Saudi Arabia isn’t just a one-trick pony when it comes to the energy market.
A casual observer might think that the country’s energy game plan is as simple as keeping the spigots wide open in order to pressure U.S. shale oil producers.
But, Saudi Arabia is playing a much more complex game…
You see, the kingdom is also busy transforming itself into one of the world’s largest oil refiners. So big, in fact, that its potential capacity is even dwarfing oil majors like ExxonMobil (XOM).
This is sure to shake things up in the industry.
Becoming Highly Refined
Two new refineries – Yasref and Yanbu – have already come online in the kingdom. The new facilities will add 800,000 barrels per day (bpd) of refining capacity.
The planned Jazan refinery will add another 400,000 bpd. The combination will bring Saudi Arabia’s refining capacity to more than three million bpd!
That pushes Saudi Arabia into the top five list of countries in terms of refining capacity. The Kingdom is already in second place, behind the United States, when it comes to refined products exports.
Plus, when you add in Saudi Arabia’s stakes in overseas refineries, such as South Korea’s S-Oil, the Saudis have an excess of five million bpd of possible refined product output.
And the country is not stopping there…
The kingdom’s goal is to have eight to 10 million barrels of global refining capacity within a few years. That amount would put ExxonMobil in the shade.
Refined products are becoming so important to the Saudis, it’s believed that two-thirds of the trading done by the state-owned trading arm, Aramco Trading, is now focused on products and not crude oil.
The Wind Behind the Shift
Curiously, the Saudis have recently turned down requests from China for extra crude oil shipments in May and June.
The Saudis saying no to their best customer is another clear indication of the shift. But why is this happening?
Well, the Saudis aren’t stupid. They see how other big oil conglomerates raked in the profits from refining during the oil price plunge, for which the Saudis were largely responsible.
In the first quarter, trading and refining accounted for 60% of the major oil companies’ earnings! That is a huge jump up from just 18% a year ago.
This shift toward refining also allows the Saudis to be more diversified, adding value-added products rather than just being a seller of crude oil.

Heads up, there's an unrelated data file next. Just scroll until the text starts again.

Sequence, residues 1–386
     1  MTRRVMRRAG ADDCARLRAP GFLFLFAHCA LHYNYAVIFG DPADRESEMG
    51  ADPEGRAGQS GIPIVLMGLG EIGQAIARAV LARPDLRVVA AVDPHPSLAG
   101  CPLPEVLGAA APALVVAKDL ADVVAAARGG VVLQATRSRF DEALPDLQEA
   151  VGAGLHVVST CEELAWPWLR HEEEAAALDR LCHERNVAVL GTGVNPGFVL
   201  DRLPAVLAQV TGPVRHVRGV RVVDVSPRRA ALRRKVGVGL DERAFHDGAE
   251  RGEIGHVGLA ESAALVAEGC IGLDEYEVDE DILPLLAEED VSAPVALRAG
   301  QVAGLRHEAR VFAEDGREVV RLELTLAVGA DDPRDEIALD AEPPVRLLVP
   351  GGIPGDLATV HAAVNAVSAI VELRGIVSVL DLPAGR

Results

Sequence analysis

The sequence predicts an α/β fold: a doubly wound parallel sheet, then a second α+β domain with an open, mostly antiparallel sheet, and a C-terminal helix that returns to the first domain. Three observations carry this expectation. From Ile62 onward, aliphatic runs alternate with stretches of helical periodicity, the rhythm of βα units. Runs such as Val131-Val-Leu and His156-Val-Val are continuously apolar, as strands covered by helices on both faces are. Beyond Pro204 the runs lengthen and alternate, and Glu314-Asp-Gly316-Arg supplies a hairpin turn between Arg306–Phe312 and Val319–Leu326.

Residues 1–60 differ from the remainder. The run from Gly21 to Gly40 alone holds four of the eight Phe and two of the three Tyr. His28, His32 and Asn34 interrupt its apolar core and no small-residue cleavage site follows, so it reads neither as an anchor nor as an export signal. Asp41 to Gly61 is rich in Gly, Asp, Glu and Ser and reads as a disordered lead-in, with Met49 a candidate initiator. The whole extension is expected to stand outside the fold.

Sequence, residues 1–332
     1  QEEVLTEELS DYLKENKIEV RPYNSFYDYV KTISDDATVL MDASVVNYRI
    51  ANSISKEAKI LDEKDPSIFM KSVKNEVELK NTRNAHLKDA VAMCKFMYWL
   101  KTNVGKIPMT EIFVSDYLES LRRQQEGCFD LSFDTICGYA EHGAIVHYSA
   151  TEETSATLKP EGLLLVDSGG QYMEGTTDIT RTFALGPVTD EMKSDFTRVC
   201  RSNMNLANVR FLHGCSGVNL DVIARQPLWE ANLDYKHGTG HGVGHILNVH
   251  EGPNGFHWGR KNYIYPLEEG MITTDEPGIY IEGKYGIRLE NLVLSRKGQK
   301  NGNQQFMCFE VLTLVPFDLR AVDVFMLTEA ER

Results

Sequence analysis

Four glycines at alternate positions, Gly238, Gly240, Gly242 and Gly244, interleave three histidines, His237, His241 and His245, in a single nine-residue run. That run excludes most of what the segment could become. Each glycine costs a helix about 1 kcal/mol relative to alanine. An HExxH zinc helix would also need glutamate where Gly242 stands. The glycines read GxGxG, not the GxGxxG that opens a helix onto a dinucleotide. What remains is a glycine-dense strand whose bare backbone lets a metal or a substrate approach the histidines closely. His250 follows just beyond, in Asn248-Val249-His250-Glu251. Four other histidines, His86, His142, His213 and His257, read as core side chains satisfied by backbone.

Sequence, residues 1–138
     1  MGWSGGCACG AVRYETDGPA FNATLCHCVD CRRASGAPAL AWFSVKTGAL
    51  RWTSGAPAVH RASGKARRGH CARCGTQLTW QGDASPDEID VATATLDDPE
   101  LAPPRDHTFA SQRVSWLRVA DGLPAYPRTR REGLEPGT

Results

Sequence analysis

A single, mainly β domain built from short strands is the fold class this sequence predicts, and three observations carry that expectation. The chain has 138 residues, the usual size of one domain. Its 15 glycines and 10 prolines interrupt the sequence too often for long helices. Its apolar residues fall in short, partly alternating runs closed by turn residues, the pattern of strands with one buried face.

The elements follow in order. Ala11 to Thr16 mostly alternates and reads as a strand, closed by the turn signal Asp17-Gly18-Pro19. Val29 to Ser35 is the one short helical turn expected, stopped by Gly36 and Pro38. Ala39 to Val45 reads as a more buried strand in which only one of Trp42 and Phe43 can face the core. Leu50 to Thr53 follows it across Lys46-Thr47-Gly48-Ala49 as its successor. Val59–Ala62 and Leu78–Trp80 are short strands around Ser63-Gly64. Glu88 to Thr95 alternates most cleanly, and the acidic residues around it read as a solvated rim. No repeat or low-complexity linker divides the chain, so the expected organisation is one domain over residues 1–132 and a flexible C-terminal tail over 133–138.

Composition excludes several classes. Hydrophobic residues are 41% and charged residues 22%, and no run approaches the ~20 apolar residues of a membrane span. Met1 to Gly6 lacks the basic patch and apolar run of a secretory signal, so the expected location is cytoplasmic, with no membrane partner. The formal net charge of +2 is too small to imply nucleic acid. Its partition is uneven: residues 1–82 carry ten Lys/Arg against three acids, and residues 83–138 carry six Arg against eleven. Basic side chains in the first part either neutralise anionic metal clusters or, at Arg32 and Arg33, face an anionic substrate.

The International Energy Agency’s Chief Oil Analyst, Antoine Halff, told Reuters, “In contrast with the crude market, which is shrinking, the product market is becoming more global.”
Winners and the Losers
So, how can investors play this change in Saudi Arabia’s strategy?
Clearly, those in the refined products market sector will have a very large and very tough competitor on their hands now.
But the companies that own product tankers, which will ship Saudi refined products around the world, will get a major boost.
Already, rates for this type of tanker are at the highest level since 2011, doubling in less than a year. For example, the daily cost to send a product tanker from Saudi Arabia to Japan is now above $20,000 per day.
And that’s just the beginning…
Led by the Saudis, sales of refined products from the Gulf region are expected to soar 45% over the next decade, says JBC Energy.
Scorpio Tankers is adding 15 tankers to its fleet just to keep up with demand. It already owns 88 product tankers. Earnings estimates from analysts for the current fiscal year are up 22% over the past month, yet the stock has lagged.
It also has the youngest fleet, with an average age of just 0.9 years versus the worldwide average of 9.4 years.
Ardmore Shipping has a fleet of 18 vessels and should reach 24 vessels by the end of the year, which will give a boost to its bottom line. The average age of its fleet is 3.6 years.
With these companies still mostly ignored by investors, both stocks look profitable at current price levels.
And the chase continues,